If you can’t find insurance, we suggest looking into California’s Automobile Assigned Risk Plan. You can visit their website by clicking here.
The state legislature created this program in 1947 to make sure everyone on the road has auto insurance. These nonstandard motorists must meet specific guidelines and be unable to afford standard market rates.
Alternatives to SR-22 Insurance in California
You can find a few alternatives to buying SR-22 insurance in California. One common alternative you can pursue is a bond. You can post a $35,000 cash deposit or security bond with the DMV. This certificate demonstrates proof of your financial responsibility if you cause an accident. However, these products often come with high upfront costs, making them a less-than-popular option for most residents.
California’s Minimum Insurance Requirements
According to California Insurance Code §11580.1b, residents who drive a car must obtain minimum liability insurance. This policy aims to protect and compensate anyone (other than the insured) for injury or damage to one’s property. For example, your liability insurance pays for damages if you rear-end someone road tripping down Route 66. Visit our article here to learn about the Mother Road’s brief history. California’s requirements for vehicle financial responsibility include:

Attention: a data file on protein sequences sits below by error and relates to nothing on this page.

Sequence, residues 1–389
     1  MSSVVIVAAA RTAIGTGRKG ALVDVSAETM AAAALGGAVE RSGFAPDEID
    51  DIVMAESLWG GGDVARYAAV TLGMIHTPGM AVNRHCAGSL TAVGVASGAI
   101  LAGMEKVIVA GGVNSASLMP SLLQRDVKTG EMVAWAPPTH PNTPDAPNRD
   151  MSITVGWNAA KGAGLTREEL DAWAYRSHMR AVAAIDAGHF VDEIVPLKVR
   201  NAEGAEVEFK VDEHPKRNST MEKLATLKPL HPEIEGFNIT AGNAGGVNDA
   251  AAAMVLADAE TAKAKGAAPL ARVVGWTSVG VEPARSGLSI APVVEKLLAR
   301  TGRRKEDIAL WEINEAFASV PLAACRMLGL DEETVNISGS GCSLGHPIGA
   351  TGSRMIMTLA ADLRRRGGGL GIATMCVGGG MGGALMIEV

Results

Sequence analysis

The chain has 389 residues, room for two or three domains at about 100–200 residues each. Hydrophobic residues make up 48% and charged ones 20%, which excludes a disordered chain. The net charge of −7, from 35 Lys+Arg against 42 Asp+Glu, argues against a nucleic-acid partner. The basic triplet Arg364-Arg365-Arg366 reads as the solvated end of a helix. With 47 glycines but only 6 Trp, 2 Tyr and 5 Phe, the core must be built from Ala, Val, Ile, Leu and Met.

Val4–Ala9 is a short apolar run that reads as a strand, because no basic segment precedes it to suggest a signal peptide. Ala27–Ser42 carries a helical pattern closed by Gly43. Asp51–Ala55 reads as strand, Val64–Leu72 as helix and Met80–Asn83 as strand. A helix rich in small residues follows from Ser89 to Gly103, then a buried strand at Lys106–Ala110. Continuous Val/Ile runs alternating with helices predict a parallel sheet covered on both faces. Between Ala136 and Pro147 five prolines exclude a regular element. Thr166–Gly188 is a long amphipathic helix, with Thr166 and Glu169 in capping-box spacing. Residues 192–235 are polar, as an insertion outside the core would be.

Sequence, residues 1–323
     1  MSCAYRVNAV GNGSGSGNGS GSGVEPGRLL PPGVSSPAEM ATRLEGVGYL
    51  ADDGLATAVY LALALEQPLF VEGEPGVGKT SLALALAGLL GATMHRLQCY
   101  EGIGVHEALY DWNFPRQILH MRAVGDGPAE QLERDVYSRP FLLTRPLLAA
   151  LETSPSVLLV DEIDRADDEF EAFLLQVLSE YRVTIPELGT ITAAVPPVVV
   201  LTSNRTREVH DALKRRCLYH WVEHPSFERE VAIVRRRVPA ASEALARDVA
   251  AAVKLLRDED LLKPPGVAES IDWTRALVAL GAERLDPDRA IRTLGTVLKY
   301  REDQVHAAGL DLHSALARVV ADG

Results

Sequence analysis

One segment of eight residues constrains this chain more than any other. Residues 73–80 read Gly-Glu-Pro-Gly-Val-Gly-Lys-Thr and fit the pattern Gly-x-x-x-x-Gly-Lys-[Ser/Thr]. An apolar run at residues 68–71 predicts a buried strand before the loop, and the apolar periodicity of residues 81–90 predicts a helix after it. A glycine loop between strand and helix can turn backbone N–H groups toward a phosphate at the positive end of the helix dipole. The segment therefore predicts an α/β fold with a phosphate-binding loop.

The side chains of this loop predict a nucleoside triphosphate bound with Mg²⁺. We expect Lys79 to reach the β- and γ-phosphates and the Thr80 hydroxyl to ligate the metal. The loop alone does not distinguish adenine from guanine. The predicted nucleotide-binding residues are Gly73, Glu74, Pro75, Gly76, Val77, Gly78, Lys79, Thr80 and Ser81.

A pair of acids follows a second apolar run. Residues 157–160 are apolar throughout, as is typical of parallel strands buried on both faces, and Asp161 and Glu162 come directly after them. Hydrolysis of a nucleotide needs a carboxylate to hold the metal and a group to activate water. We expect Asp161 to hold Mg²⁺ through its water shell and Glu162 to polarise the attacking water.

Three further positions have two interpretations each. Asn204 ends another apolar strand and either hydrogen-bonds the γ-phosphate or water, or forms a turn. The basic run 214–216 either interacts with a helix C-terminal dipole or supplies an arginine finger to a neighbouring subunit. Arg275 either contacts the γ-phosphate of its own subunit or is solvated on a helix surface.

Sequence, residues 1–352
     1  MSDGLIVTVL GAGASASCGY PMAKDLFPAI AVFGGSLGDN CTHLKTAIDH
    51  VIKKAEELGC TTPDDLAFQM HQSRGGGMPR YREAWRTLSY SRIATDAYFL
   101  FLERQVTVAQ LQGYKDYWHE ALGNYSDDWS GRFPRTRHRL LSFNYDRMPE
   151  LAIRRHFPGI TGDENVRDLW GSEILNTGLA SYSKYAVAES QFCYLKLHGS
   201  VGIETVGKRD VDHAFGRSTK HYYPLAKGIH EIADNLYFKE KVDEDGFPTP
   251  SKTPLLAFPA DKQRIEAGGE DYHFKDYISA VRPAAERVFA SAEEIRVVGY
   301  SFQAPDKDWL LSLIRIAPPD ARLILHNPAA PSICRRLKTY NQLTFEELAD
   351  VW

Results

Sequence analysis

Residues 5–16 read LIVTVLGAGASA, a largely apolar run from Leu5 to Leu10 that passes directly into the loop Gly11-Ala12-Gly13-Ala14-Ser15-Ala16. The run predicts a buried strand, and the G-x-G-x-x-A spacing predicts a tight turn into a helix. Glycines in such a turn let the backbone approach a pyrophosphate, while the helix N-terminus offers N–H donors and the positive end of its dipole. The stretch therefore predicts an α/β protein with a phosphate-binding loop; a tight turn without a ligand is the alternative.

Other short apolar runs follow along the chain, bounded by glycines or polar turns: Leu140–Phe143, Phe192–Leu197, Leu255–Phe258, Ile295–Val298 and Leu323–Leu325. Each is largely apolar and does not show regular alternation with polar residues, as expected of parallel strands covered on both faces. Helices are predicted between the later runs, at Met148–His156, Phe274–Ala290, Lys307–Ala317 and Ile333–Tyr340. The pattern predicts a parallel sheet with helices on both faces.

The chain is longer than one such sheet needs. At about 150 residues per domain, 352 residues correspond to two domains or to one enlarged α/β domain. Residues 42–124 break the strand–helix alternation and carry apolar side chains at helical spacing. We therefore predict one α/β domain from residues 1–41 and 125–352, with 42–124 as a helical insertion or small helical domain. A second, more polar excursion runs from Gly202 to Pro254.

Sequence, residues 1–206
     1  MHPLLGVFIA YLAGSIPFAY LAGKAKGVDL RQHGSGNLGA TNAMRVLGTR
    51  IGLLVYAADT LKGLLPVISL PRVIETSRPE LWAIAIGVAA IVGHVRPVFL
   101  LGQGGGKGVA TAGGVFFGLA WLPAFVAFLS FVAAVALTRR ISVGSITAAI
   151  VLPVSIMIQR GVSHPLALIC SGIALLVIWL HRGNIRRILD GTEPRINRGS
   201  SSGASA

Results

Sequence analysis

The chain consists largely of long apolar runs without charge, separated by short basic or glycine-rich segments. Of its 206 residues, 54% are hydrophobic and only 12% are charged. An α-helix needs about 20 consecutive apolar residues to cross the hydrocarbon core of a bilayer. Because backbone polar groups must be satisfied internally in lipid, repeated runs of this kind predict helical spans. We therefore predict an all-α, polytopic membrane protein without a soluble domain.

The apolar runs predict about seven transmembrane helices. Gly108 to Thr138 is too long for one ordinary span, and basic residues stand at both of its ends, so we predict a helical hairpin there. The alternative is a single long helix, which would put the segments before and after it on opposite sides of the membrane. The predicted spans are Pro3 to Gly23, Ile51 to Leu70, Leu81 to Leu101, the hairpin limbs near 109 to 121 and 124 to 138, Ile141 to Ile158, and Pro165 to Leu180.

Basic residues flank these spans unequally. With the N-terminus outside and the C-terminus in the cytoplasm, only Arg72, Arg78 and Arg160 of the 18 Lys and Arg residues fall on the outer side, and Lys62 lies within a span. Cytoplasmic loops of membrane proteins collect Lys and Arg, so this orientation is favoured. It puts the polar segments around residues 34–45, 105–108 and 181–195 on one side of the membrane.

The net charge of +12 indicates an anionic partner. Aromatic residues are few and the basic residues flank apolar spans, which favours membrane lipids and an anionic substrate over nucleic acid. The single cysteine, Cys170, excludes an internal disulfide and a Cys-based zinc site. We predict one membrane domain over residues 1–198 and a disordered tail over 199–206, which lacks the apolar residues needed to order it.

- $15,000 for injury of an individual
- $30,000 for the injury to more than one person
- $5,000 for property damage
Other SR-22 Factors
You may need to purchase SR-22 insurance in California, even if you didn’t cause a collision. When you own the vehicle and authorities can’t identify who was driving at the time of an accident, you could be held financially responsible. If you didn’t have insurance on the vehicle, even if you weren’t behind the wheel, you may lose your driver’s license and have to provide SR-22 to the state.
The same SR-22 requirement may also apply if your uninsured automobile rolls away unoccupied from its parking spot and causes an accident. A DUI-related offense generally comes with an SR-22 requirement and stiffer regulations. You may have to use an ignition interlock device that prevents you from starting your car unless your breath is alcohol-free.
What if you don’t own a vehicle and are required to provide California with an SR-22? We suggest you consider purchasing a non-owner policy. Drivers who frequently rent cars or may need to drive a company vehicle to a meeting may find this insurance coverage the most cost-effective way to satisfy court-ordered sanctions.
SR-22 Insurance Term Length
You probably want to know how long you need to provide SR-22 insurance in California. The answer isn’t that simple. The state requires a term based on the severity of your conviction. However, three years seems to be the most common duration. If the court revoked your driving privileges, too, the clock starts ticking after the DMV reinstates your license.
If you’re a California resident convicted of serious traffic violations, you may have to file an SR-22 form before driving. If you have any questions about your requirements, call your insurance agent for assistance right away. You don’t want to hit the gas without the proper coverage.
At FIXD, our mission is to make car ownership as simple, easy, and affordable as possible. Our research team utilizes the latest automotive data and insights to create tools and resources that help drivers get peace of mind and save money over the life of their car.